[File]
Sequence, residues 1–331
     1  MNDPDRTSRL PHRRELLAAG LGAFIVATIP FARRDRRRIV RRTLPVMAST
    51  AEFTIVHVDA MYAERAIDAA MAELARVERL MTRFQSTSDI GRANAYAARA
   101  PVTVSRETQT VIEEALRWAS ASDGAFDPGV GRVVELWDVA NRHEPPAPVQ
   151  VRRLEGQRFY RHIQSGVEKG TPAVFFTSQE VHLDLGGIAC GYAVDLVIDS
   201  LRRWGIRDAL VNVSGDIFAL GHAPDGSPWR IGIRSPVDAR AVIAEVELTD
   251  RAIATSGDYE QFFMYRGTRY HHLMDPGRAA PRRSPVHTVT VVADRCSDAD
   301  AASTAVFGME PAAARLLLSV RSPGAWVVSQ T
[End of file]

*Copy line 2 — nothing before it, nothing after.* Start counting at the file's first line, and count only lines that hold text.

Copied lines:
     1  MNDPDRTSRL PHRRELLAAG LGAFIVATIP FARRDRRRIV RRTLPVMAST